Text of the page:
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Long Lake

View live data from LEA’s Long Lake Buoy in the North Basin of the Lake from May-November

Long Lake is the second largest water body in southern Maine and is part of the Presumpscot River drainage. It connects to Brandy Pond and Sebago Lake, making it popular with water-skiers and boaters. Activities on the Causeway in Naples include trips on the Songo River Queen paddleboat, seaplane rides, windsurfing and para-sailing.

Fishing

Long Lake supports a high quality black bass fishery and is one of the more popular lakes in southern Maine for bass angling tournaments. Other principal fisheries are landlocked Atlantic salmon, brown trout, chain pickerel, and white perch. Twelve other species also are present, including American eel, golden and common shiner, fallfish, white sucker, brown bullhead, burbot, lake and brook trout, pumpkinseed sunfish, yellow perch, and rainbow smelt. Each fall the lake is stocked with landlocked salmon and brown trout from the state hatcheries.

  • Lake Surface

    4,935 acres
  • Watershed

    33,871 acres
  • Max. Depth

    59 feet
  • Elevation

    267 feet

Water Quality: 2019

North Basin: The average Secchi disk reading for 2019 was 6.02 meters, fell into the moderately clear range, and was shallower than the long-term average of 6.19 meters. The average total phosphorus reading of 6.88 ppb fell into the moderate range and was less than the long-term average of 7.46 ppb. Deep water phosphorus values fell into the low range. The chlorophyll-a average of 2.75 ppb fell into the moderate range and was less than the long-term average of 3.01 ppb. Long-term trend analysis indicates chlorophyll–a concentrations in Long Lake’s north basin are stable, total phosphorus concentrations are stable, and clarity readings are stable. The average color reading for 2019 was 26 SPU, indicating that water in Long Lake’s north basin is highly colored. Suitable fish habitat was present through July but became unsuitable in August through September.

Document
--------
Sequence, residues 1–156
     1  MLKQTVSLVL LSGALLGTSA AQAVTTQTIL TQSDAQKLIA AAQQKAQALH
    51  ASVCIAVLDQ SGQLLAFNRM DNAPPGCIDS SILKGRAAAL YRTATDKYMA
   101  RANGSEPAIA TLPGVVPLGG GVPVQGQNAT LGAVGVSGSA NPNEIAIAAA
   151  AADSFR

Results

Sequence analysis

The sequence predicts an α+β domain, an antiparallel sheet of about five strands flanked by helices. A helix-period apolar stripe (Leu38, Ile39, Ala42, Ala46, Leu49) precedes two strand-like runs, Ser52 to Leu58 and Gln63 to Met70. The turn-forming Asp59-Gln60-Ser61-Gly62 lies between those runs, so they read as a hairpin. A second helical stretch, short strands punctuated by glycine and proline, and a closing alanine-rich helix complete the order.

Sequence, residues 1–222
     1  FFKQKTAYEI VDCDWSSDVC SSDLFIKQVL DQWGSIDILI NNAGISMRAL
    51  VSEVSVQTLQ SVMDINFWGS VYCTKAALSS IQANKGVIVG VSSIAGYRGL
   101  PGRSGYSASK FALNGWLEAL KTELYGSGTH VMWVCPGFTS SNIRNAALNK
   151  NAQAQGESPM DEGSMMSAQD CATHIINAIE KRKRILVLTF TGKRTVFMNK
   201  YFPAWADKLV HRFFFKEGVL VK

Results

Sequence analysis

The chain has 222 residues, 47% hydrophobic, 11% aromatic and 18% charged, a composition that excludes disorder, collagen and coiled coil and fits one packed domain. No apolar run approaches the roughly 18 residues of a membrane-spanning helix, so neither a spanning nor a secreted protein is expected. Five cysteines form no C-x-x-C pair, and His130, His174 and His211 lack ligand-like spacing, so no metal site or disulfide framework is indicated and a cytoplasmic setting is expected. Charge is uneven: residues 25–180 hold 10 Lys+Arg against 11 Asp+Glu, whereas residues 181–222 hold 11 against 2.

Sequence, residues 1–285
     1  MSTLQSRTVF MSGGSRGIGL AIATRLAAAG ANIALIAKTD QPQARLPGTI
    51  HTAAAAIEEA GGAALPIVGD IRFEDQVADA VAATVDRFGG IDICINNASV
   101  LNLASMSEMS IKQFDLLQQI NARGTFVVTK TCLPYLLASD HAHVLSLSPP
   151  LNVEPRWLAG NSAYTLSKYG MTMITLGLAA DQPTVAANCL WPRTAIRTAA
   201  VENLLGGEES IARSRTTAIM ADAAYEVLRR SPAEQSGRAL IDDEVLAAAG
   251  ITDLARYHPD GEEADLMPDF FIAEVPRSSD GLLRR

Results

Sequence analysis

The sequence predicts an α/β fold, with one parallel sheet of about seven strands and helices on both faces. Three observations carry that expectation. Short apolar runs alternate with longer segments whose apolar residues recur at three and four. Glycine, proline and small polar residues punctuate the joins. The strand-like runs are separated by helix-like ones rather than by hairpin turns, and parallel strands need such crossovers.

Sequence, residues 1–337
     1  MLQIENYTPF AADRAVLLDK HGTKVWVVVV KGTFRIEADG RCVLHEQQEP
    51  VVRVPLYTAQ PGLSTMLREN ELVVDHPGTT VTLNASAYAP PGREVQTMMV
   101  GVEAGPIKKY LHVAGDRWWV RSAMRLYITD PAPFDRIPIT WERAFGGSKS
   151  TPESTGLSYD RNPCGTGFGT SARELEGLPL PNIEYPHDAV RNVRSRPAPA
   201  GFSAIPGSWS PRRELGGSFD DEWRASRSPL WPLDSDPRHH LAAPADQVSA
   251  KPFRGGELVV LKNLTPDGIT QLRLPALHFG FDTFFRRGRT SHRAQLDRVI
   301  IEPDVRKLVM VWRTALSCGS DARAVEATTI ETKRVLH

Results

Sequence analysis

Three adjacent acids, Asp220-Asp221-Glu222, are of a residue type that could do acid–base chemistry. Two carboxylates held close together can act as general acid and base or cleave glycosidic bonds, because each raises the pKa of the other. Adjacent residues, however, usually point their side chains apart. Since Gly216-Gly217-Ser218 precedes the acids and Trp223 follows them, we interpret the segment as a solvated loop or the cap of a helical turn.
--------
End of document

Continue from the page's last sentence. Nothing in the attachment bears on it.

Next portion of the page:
Middle Basin: The average Secchi disk reading for 2019 was 6.11 meters, fell into the moderately clear range, and was shallower than the long-term average of 6.30 meters. The average total phosphorus reading of 5.88 ppb fell into the moderate range and was less than the long-term average of 6.67 ppb. Deep water phosphorus values fell into the low range. The chlorophyll-a average of 2.63 ppb fell into the moderate range and was less than the long-term average of 2.92 ppb. Long-term trend analysis indicates chlorophyll–a concentrations in Long Lake’s middle basin are stable, total phosphorus concentrations are stable, and clarity readings are stable. The average color reading for 2019 was 27.89 SPU, indicating that water in Long Lake’s middle basin is highly colored. Suitable fish habitat was present through June but transitioned to marginal and then unsuitable habitat in July. Unsuitable fish habitat persisted through September.